In addition to the above concerns, I provide comments on additional concerns below. Chief among them, however, is the issue of traffic and the intersection of Country Club Road and the highway. This intersection has been identified as a problem for years and continues to get worse. While the traffic study provided by the developer indicates that the incremental traffic will not make a substantial difference, I note that it does not contemplate the increased traffic that will come from the golf course lots [Cottages at Eaglecrest] and has estimated traffic volumes based on a conservative growth estimate. The study does confirm that the intersection performs poorly now, that traffic will be added, and that other modes of transportation (e.g. transit) are not viable options. It also makes several references to the planned roundabout and that it will improve traffic movement. In my view, no new developments should be approved in this area until this issue is addressed and a roundabout or other traffic control mechanism is put in place.
In addition to cars, there is a need for a safe route for bikes and pedestrians to cross the highway to take advantage of, and connect to, other trails and bike paths, and to take the bus. That should be incorporated into any plan for traffic at this intersection.
My additional comments are:
Land/Lot Supply: The developer was asked to provide a land inventory and supply analysis that assesses the need for additional land to be included within the Urban Containment Boundary and has declined to do so, providing cash in lieu. Respectfully, I can understand why they would not want to complete it as I suspect it would not be favorable to this application. If Council considers that it is necessary to approve this development now and not wait until comprehensive planning has been completed, then there should be a requirement that the housing actually be provided and not be held for speculation or as inventory to be developed over an extended time period. The situation that currently exists on the adjacent golf course property, where an 18-lot subdivision was approved several years ago and not one lot has been offered for sale to the public, should be avoided. I suggest that Council consider mechanisms to encourage, firstly, that the developer completes the servicing and creation of the legal lots, and offers them for sale within a specified period; and, secondly, that the ultimate purchasers be required to construct homes on the lots within a reasonable time, such as 2-3 years.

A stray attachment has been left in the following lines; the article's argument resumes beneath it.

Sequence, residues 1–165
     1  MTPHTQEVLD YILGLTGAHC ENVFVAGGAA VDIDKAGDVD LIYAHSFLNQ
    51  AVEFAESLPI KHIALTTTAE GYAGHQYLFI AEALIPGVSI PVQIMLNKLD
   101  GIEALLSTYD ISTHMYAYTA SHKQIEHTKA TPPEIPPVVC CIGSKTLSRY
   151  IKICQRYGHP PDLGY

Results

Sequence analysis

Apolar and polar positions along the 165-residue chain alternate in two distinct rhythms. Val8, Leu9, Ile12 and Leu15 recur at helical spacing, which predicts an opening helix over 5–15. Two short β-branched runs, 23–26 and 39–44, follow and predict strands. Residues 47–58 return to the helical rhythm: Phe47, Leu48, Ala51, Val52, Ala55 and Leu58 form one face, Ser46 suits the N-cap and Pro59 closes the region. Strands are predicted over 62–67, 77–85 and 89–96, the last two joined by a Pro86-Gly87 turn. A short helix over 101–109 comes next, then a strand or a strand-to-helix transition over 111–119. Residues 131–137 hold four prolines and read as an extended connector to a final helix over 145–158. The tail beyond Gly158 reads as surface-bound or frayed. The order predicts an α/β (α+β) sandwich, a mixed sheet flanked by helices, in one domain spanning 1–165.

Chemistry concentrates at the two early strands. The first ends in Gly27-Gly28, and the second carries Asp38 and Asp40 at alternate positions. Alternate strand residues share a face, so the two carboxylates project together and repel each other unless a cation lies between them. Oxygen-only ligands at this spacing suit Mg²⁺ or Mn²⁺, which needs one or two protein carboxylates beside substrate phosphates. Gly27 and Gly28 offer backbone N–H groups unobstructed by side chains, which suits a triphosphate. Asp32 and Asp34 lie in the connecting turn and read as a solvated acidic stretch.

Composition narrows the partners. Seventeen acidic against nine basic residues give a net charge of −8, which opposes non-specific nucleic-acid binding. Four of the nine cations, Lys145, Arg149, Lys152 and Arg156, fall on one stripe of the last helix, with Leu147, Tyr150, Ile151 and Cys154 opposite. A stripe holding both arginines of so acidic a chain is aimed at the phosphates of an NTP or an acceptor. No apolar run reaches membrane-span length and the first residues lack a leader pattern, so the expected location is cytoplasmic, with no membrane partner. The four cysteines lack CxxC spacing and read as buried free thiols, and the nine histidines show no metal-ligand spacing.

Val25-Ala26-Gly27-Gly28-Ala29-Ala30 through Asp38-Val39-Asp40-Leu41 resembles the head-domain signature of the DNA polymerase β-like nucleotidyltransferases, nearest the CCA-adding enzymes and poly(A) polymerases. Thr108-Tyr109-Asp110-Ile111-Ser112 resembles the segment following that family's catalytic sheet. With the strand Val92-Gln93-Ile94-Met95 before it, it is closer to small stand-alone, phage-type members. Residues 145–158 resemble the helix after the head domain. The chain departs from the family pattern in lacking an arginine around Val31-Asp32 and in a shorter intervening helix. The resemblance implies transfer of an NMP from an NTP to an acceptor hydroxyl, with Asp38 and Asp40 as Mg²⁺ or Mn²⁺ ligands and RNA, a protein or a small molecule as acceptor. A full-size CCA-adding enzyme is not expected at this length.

I also suggest that if the intent is to provide diversity in housing, the area does not need any more houses over 2,500 square feet; 1,800 to 2,000 square feet would be better.
Community Amenities: Community amenities from this development now appear to be largely cash to the Town. While an independent appraisal has been provided to value the lift to Council, the report shows that there are few, if any, true comparables to this development and the value per acre used in the calculation appears low. I encourage Council to independently confirm this value, if possible.
There are few amenities being provided to benefit the local community. There will no longer be a park area, and the main trail being proposed is dependent on the developer obtaining a right of way from the owners of the golf course for use of a portion of the cart path that may never be obtained. There are few community amenities in the Eaglecrest area and this should be addressed in the long-term planning for this area. A large number of people regularly walk and bike on the roads as there are no sidewalks, no bike paths, or trails, and enhancements in this regard are needed.
Traffic: Traffic has been a concern and a roundabout at the intersection at Country Club Road and the highway was proposed years ago. It should be a requirement that this long-standing and deteriorating traffic situation be addressed before this area is opened up further for development. The traffic study indicates that the current intersection at Country Club Drive and the highway is operating poorly. While the study concludes that the impact of this development would be minimal, one has to view this considering the study parameters: i) it was conducted on Thursday, October 1st for 2 hours that day; ii) in forecasting traffic in the future, Watt Consulting Group rejected the BC Ministry of Transportation & Infrastructure estimated 4.2% growth per year in this area and opted for a more conservative rate of 2.3% growth; and iii) the study does not take into account the increased traffic to result from the approved 18-lot subdivision on the golf course lands.
I hope these comments are useful and thank you for the opportunity to provide input.
Susan Lloyd, Qualicum Beach